Lessons from Ambala

Oct 18, 2011, 07:29 IST | Sushant Singh

Last week, acting on the intelligence inputs, our security agencies seized an explosives-laden car from Ambala Cantonment Railway Station in Haryana

Last week, acting on the intelligence inputs, our security agencies seized an explosives-laden car from Ambala Cantonment Railway Station in Haryana. Notwithstanding the many sceptics doubting Delhi Police's story of the seizure, it is an incident that must be analysed closely.

Intelligence agencies pursued the lead which they had chanced upon while monitoring a telephone call from Nepal two weeks before the seizure. It reaffirms the belief that India's technical intelligence capabilities have significantly improved over the years. In the name of privacy, attempts have recently been made to cap the technical intelligence capabilities, particularly telephone monitoring and interception, of the agencies. This incident should serve as a salutary warning to those who wish to make our intelligence agencies operate in a static, rule-bound manner -- bound by legislative and bureaucratic oversight -- when the threat we confront  is dynamic and constantly evolving. But the failure to arrest any culprit red-handed again highlights our weakness in human intelligence gathering, which could not build-up on the lead provided by technical intelligence. This is a lacuna which needs to be fixed on priority.

On red alert: The failure to arrest any culprit red-handed highlights
our weakness in human intelligence gathering, which could not build up
on the leads provided by technical intelligence

As per reports, the car was to be picked up from Ambala by members of Babbar Khalsa, a defunct Khalistani terror group. Involvement of Khalistani militants has raised many eyebrows because militancy in Punjab has been dead for 15 years now. While intelligence agencies, during the past couple of years, have been warning of a revival of some Khalistani terror groups, none of these threats have actually materialised into a terror strike. Perhaps, the nomenclature of a Khalistani terror group is a ruse being used by a Punjab-based criminal network or terror module to enshroud its operations.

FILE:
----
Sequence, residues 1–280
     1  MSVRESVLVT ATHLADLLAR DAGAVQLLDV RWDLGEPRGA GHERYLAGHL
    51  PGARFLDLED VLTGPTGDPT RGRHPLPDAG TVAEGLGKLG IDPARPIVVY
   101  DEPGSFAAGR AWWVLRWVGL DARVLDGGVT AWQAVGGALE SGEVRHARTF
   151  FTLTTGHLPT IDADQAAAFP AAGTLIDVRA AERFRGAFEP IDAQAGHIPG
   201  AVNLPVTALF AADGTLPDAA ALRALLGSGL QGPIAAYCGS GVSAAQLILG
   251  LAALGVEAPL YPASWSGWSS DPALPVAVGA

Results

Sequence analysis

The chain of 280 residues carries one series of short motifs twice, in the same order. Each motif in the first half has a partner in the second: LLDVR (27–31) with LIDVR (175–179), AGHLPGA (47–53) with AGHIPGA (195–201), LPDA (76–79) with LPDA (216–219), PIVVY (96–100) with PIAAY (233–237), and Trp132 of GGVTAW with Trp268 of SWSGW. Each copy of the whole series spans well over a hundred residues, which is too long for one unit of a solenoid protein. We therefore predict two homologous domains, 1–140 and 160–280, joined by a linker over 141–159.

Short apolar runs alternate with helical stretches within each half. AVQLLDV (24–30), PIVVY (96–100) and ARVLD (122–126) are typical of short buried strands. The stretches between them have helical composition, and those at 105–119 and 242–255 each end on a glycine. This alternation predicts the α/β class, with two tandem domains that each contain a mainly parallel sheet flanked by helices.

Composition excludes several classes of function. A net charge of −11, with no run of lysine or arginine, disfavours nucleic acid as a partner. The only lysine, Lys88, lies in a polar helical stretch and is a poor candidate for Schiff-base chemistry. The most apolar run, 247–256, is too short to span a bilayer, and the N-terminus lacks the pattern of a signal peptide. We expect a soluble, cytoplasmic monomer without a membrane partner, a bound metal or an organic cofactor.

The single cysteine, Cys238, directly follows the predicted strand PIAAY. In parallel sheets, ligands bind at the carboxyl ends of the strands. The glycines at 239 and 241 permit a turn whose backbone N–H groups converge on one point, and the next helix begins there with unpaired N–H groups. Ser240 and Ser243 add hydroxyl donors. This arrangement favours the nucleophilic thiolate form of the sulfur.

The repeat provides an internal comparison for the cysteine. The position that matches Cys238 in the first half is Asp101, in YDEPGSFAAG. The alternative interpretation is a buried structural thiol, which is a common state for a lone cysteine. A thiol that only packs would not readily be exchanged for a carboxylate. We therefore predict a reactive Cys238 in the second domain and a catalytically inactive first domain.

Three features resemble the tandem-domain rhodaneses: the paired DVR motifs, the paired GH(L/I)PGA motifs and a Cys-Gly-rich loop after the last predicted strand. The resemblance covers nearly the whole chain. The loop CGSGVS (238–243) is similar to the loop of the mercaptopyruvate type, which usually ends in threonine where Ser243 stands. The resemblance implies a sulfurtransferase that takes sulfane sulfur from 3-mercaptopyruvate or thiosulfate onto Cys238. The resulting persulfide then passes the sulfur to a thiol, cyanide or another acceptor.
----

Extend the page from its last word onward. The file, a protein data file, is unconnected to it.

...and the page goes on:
As we know from our experience in the northeastern states, crime and terror usually go hand-in-hand. Because the seized car was a stolen one, with a fake registration number, the criminal angle to this conspiracy is self-evident. Notwithstanding this, Punjab Police needs to work proactively to nip any emerging terror threat in the bud.

In contrast to the central agencies, the performance of the state police leaves a lot to be desired. Central agencies were able to garner intelligence, share it with other agencies and states, and send the specialist teams which took control of the situation. When Haryana Police was requested to keep the car under observation, raucous nature of its surveillance meant that the persons nominated by the terrorists to pick up the car were, in all likelihood, driven away by the commotion. In fact, Haryana Police actually gave an all-clear (no explosive found) after seizing and searching the car.

It needed a team from the NSG to arrive at Ambala and find the explosive, detonators and timers buried inside the panel. The most glaring non-accomplishment in this operation has been the lack of any arrests. The CCTV cameras at toll booths on the highways haven't been of much help as they were focussed on the registration plate of the car, and not on the passengers.

No terror module has been busted and hopes that it could lead to tangible progress in the stalled investigations of Pune, Mumbai and Delhi blasts lie belied now. However, the operation will still force a change in the modus operandi of the terrorists. Not only has one terror strike been prevented, some of the terrorists' future plans will stand disrupted after their "dead drop" method of isolating various teams stands exposed.

Our agencies must endeavour to keep them under pressure. The seizure of explosive-laden car at Ambala is another reminder that India faces a serious terror threat which is nationwide, continuously evolving, and controlled, funded and coordinated by foreign agencies. While it is necessary to celebrate this success of security and intelligence agencies, it is equally important to quickly learn the right lessons from this episode. When it comes to terror, India simply can't afford to let its guard down.

Sushant K Singh is Fellow for National Security at the Takshashila Institution and editor of Pragati-The Indian National Interest Review

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